Brunias was an academically trained artist living in Rome when he caught the eye of English architect Robert Adams. Adams recruited him as a draftsman and brought him to London in 1758. There, he worked in Adams’s studio as a decorative painter, until a dispute over pay caused a break in their working relationship. Soon after, Brunias was presented with the opportunity to work with Young in the Caribbean.
His first trip lasted until the late 1770s, when he returned to England for a few years. By 1784 he was back working on drawings for the St. Vincent Botanical Garden.  He settled permanently in the Caribbean, dying in Dominica in 1796. Very little is known of the personal details of Brunias’s life, though it is speculated that after his return, he settled and established a family with a woman of color in Dominica. 
Brunias appealed to British taste. In Free Women of Color with Their Children and Servants in a Landscape, he borrowed from the British tradition of conversation pieces—often small, informal group portraits or interesting genre scenes that gained popularity in 18th-century England. In these group portraits or multi-figure fictional scenes, the subjects tend to be organized amid a recreational activity, like the family promenade we find here. The little dogs add levity and a certain domestic quality to the composition. An argument could be made that this painting is a family or household portrait in this tradition, though little is known of its origin.
Many of Brunias’s paintings are modest in scale and were destined to decorate domestic spaces. Few of his paintings are portraits and he often returns to the same settings, such as market scenes, dances, domestic interiors, or small landscapes like this one. It must be noted that many of Brunias’s paintings may have lost their original titles, and little is known of why, or for who, they were created. It is clear that Brunias identified a formula that worked in his market—lighthearted genre scenes where the region’s racial mixing was made palatable to a mostly British audience through its stratified representations. Even through this idealized lens, Brunias’s work stands as an important reference for the visualization of race in a British colonial context.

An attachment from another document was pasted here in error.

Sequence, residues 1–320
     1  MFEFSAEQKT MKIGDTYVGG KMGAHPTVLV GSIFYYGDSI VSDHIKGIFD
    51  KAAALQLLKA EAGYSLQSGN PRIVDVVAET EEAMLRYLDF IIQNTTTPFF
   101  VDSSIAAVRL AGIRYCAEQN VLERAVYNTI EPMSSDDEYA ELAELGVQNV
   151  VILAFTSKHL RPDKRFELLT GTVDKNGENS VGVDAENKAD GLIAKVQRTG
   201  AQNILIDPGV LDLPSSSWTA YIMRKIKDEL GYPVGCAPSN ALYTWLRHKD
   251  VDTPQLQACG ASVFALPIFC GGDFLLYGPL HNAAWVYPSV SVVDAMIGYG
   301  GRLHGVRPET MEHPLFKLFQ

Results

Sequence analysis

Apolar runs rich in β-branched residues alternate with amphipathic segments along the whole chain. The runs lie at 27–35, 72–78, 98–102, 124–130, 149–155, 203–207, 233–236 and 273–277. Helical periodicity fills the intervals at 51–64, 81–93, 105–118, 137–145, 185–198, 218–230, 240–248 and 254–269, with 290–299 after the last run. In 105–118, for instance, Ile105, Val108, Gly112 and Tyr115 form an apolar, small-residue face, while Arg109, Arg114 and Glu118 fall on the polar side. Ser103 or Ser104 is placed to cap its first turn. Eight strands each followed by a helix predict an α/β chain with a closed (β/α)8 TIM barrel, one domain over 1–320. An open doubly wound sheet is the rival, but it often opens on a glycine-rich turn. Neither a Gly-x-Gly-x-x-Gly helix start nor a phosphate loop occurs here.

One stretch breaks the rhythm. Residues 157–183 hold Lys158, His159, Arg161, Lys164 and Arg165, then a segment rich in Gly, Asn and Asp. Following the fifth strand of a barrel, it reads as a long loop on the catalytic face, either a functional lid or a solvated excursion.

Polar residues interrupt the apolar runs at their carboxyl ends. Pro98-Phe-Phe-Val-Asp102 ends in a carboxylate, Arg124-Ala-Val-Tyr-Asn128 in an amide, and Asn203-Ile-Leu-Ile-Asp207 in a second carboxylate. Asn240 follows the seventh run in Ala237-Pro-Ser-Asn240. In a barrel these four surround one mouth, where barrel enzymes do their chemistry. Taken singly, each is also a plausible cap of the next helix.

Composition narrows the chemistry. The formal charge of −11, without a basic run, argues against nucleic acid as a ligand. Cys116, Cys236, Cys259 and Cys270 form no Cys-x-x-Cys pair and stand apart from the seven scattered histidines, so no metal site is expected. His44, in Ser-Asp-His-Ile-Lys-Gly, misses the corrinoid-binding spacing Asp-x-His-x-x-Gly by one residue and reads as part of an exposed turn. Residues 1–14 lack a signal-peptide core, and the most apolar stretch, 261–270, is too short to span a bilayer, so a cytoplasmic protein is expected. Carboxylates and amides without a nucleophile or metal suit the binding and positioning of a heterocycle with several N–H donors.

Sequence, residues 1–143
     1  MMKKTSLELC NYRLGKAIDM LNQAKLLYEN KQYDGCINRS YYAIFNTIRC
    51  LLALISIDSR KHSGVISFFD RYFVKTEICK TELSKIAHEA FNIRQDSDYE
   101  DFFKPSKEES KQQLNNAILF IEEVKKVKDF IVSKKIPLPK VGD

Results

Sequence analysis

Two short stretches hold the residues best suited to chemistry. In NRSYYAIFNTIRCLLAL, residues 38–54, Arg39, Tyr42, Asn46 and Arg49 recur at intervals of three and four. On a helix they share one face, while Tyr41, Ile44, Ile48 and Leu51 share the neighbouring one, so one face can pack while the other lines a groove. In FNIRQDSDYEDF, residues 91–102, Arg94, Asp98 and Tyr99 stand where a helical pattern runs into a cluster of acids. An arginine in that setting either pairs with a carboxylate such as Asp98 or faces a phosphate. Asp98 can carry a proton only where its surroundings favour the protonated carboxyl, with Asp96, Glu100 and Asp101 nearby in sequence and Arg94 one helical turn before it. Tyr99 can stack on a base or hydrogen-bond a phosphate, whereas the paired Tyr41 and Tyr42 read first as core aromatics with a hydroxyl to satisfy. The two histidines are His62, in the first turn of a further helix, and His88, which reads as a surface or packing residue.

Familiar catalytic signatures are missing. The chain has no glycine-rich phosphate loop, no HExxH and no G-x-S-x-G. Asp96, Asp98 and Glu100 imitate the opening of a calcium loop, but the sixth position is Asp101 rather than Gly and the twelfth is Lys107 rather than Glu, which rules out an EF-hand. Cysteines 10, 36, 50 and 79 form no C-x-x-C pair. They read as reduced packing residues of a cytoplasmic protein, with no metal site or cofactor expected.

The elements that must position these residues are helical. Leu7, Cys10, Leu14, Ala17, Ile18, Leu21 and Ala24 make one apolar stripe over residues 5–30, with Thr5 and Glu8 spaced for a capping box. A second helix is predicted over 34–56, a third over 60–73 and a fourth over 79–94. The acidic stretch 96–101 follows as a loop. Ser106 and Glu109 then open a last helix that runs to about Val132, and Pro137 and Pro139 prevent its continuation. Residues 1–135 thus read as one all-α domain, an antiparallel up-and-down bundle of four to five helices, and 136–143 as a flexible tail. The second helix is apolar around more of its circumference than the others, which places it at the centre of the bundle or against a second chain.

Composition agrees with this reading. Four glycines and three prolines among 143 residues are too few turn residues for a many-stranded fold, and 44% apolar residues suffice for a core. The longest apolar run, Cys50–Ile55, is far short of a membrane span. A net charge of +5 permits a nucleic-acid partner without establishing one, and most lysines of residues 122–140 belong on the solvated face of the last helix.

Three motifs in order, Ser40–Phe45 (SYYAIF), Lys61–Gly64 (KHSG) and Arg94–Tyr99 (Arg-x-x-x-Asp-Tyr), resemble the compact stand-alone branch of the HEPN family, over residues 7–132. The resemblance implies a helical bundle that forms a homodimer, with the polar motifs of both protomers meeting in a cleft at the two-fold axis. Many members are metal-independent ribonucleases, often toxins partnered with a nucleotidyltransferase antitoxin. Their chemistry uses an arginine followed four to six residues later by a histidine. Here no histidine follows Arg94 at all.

Mia Bagneris, “Coloring the Caribbean: Agostino Brunias and the Painting of Race British West Indies, c. 1765–1800”, PhD. diss. (Harvard University, 2009): p. 34.
 Mia Bagneris, “Coloring the Caribbean,” p. 33.
Mia Bagneris, “Coloring the Caribbean: Agostino Brunias and the Painting of Race British West Indies, c. 1765–1800”, PhD. diss. (Harvard University, 2009).
Mia Bagneris, “Reimagining Race, Class, and Identity in the New World,” in Behind Closed Doors: Art in the Spanish American Home, 1492–1898 (New York: Brooklyn Museum, 2013): pp. 161–208.
David Bindman, “Representing Race in the Eighteenth-Century Caribbean: Brunias in Dominica and St Vincent”, Eighteenth-Century Studies, vol. 51, no. 1 (Fall 2017): pp. 1–21.
Patricia Mohammed, The Visual Grammars of gender, race, and class in the Caribbean in the paintings of Brunias, Bellasario, Landaluze and Cazabon, four 18th and 19th century painters (Mona: Centre for Gender and Development Studies, Mona, 1997).